In the drive for higher cycle efficiencies in gas turbine engines, turbine blades are seeing an increasingly high heat load. This in turn demands improvements in the internal cooling system and a better understanding of both the level and distribution of the internal heat-transfer. A typical approach to enhance the internal cooling of the turbine blade is by casting angled ‘low blockage’ ribs on the walls of the cooling channels. The objective of the present paper is to determine the detailed Nusselt number distribution in rectangular internal channels with ribs. This knowledge can be used to guide the overall design e.g. to achieve high levels of heat-transfer where required. The effects of rotation as well as the interaction effects of the position and direction of ribs on opposite walls of the cooling channel have been investigated.

Numerical calculations have been carried out using the commercial CFD code Fluent to investigate the local Nusselt number enhancement factor in rectangular ducts of different aspect ratios (0.5, 1 and 2) which have 45° or 90° angled ribs located on two opposite walls. This has been studied for different Rotation number Ro (0–0.45) and with a Reynolds number >30000.

The first series of studies has been carried out with the same experimental setup as by Han [1]. The geometry was slightly changed to avoid the effect of high heat transfer at the entry.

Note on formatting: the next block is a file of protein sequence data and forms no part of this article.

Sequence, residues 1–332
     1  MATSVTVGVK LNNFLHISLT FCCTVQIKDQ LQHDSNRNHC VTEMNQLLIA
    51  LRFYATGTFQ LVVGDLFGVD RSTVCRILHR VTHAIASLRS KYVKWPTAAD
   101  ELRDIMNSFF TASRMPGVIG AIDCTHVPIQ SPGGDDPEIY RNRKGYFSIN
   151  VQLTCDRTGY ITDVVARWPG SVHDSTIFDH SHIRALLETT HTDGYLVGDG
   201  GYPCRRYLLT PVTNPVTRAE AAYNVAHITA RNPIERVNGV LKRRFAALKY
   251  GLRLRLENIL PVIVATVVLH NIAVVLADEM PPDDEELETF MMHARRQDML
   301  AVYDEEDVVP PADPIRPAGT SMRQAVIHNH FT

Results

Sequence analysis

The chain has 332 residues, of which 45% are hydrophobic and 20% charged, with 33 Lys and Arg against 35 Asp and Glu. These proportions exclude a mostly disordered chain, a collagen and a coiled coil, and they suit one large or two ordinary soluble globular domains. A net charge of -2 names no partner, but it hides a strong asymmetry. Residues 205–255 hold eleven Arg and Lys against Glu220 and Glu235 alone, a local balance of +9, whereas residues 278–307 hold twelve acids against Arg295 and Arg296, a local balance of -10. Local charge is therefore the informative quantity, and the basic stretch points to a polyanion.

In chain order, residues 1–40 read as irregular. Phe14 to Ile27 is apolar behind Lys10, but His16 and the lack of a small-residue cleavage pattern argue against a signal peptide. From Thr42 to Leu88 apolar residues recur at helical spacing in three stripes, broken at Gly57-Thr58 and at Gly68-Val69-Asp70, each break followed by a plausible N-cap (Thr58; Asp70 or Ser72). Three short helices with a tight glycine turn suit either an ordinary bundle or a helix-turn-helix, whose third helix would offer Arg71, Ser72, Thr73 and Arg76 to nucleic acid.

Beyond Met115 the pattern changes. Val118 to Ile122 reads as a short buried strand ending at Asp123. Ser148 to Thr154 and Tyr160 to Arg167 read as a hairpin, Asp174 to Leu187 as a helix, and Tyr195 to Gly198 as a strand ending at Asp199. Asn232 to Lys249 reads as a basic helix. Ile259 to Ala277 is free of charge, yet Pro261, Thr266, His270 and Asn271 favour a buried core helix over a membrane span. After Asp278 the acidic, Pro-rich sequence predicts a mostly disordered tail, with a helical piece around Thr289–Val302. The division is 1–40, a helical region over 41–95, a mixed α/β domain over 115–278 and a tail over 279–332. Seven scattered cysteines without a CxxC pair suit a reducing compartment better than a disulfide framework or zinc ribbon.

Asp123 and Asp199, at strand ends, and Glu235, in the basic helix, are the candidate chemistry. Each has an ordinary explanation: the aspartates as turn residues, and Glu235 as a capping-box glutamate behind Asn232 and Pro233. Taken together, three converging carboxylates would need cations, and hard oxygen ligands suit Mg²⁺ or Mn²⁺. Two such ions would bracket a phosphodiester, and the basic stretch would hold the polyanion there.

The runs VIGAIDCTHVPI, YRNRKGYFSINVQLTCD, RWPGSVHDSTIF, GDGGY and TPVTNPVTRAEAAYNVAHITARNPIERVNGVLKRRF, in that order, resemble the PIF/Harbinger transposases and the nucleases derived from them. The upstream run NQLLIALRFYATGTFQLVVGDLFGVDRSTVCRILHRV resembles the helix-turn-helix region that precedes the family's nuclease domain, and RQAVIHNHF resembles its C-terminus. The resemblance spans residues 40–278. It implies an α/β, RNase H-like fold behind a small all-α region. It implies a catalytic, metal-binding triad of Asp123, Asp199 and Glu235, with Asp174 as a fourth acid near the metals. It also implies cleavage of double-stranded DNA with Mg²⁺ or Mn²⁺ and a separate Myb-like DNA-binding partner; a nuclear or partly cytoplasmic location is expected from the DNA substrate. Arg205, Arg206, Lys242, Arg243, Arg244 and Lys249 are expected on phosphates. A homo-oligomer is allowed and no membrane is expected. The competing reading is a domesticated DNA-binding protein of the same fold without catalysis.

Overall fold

This study identifies important vortical structures, which are dependent on the direction and the position of the ribs. This has a profound effect on the distribution of heat-transfer within the passage. It is shown that the two smooth walls of the duct have different average Nusselt number ratio Nu/NuFD enhancement depending on the rib angle.

In addition, based on numerical investigations, simple correlations have been developed for the rotational influence of the internal Nusselt number distribution. A major finding is that the effect of rotation is dominant for low aspect ratio channels and the local enhancement due to the rib position and angle is more dominant for high aspect ratio channels.

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